In a lake situation where current is not present, an angler can get away with hooking the shiner through the back (dorsal fin area) or near the anal fin, admits Stonewater.  Those hooking procedures, though, just won't work as well in current.
     Stonewater likes to use 20 to 25 pound test monofilament, but occasionally will go to lighter line and rod for some great action.  Regardless, he advises setting the hook quickly.  His concerns are the line may drag on something and spook the fish, or the bass may swallow the bait, making it more difficult to release the fish in a healthy state.

Set The Hook

     "Just wait until the line is tight, then set", he says.  "If the bass has that shiner in its mouth, then the hook is in there too.  Her mouth will be closed because she doesn't want the shiner to get out," laughs Stonewater.  "You just want to take the time and find out which direction the fish is moving, and then get the slack out.  Then you can tighten up and sock it to her."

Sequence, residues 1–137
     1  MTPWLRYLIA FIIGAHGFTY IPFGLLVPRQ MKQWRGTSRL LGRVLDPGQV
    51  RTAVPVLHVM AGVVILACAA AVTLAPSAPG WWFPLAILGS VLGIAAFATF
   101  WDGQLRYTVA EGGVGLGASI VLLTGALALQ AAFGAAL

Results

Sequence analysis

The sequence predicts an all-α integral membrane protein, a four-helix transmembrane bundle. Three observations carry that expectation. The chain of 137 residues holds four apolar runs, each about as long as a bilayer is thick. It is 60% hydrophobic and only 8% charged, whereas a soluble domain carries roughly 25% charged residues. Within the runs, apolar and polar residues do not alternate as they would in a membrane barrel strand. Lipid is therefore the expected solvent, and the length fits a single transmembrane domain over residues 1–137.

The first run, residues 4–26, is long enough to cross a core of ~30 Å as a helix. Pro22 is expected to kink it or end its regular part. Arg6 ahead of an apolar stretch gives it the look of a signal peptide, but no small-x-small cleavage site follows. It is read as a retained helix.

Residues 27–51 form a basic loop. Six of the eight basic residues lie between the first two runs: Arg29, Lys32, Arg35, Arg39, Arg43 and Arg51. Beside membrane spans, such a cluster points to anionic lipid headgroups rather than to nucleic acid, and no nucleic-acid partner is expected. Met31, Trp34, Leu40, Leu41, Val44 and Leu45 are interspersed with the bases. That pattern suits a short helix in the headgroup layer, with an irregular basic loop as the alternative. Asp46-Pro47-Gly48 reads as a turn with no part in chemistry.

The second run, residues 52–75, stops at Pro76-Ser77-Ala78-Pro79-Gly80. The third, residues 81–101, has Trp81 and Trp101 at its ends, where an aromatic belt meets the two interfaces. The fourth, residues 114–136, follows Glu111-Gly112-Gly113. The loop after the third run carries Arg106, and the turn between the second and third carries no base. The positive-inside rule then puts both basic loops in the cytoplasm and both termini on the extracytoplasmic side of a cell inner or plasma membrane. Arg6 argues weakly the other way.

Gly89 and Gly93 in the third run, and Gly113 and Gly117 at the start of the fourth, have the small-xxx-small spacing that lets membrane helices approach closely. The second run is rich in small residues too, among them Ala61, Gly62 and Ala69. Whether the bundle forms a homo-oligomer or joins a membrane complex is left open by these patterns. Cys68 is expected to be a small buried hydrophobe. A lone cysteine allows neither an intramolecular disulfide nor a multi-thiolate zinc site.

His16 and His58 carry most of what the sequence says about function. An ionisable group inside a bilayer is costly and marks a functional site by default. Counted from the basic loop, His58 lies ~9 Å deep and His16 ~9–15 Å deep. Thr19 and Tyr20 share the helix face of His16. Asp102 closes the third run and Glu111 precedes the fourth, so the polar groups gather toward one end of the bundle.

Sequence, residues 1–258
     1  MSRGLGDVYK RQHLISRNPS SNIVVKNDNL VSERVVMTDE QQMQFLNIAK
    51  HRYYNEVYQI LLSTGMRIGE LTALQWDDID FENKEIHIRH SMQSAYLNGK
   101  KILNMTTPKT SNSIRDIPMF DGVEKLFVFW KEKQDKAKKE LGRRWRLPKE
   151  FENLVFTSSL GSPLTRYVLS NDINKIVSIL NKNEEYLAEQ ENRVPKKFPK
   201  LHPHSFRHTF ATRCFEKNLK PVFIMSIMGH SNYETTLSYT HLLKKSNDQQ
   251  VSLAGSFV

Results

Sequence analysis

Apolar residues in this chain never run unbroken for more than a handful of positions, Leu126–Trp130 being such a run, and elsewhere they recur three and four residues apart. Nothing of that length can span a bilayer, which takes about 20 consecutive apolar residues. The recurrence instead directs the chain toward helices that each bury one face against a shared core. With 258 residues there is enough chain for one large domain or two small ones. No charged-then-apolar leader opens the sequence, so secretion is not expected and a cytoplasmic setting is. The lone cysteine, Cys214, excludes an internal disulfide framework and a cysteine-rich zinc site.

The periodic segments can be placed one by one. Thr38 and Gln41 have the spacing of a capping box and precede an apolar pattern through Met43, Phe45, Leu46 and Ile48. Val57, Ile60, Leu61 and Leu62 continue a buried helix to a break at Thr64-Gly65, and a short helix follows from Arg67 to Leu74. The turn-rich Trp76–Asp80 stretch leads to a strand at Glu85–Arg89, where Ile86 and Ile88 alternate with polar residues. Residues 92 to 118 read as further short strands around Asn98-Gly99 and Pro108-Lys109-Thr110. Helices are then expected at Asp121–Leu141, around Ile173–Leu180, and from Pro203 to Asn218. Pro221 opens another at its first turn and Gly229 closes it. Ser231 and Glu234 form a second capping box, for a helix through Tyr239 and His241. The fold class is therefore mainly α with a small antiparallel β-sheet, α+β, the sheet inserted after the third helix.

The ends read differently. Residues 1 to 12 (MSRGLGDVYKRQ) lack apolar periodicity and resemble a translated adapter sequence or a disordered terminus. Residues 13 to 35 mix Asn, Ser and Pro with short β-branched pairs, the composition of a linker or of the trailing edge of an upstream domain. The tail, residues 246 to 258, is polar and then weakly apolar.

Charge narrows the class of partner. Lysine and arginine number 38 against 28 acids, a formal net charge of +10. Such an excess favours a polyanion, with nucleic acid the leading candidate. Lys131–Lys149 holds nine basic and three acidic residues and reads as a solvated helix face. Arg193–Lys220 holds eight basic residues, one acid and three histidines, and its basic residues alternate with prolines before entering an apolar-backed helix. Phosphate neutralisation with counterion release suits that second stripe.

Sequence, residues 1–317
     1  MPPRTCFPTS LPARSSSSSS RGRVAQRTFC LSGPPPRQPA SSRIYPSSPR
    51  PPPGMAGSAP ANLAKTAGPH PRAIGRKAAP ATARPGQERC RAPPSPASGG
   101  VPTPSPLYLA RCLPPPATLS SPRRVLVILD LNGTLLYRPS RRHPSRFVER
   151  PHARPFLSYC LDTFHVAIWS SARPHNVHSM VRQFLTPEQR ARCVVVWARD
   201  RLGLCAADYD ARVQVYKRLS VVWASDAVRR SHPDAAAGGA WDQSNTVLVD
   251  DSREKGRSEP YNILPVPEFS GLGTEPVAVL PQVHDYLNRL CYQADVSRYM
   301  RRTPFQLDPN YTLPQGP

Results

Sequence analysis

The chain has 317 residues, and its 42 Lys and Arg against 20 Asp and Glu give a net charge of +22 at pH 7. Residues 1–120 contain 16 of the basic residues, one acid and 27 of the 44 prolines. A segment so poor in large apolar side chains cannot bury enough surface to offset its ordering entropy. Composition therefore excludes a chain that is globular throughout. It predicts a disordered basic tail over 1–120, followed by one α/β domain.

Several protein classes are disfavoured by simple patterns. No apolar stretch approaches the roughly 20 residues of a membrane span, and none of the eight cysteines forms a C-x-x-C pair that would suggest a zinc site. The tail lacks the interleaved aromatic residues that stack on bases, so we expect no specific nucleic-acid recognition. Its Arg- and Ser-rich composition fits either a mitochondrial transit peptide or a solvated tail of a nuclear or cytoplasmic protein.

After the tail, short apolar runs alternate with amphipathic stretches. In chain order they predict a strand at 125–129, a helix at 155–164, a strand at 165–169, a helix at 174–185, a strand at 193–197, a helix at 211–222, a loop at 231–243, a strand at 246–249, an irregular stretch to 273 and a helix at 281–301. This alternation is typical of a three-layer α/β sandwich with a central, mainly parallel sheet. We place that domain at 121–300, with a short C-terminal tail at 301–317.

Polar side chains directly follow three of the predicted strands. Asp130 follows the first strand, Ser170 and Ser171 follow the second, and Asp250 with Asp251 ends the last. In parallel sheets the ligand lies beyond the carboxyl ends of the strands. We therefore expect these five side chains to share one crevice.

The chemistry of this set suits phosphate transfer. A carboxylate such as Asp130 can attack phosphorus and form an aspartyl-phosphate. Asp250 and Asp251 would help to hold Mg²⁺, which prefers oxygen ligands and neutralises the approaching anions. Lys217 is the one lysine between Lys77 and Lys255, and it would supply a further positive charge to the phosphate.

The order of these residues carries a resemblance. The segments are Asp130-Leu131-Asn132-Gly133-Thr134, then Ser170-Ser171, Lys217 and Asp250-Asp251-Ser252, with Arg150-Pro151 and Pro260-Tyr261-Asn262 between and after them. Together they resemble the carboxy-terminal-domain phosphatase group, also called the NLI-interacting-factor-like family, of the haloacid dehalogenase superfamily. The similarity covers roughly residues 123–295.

After the bass takes the bait it will be moving somewhere.  It won't just stay put.  A largemouth will usually swim straight out to the middle of the river and then turn around and go back under the cover where she was laying.  That's a fairly typical pattern for big fish on the St. Johns, according to the guide.
    

Bass Fishing in pads photo by Larry Larsen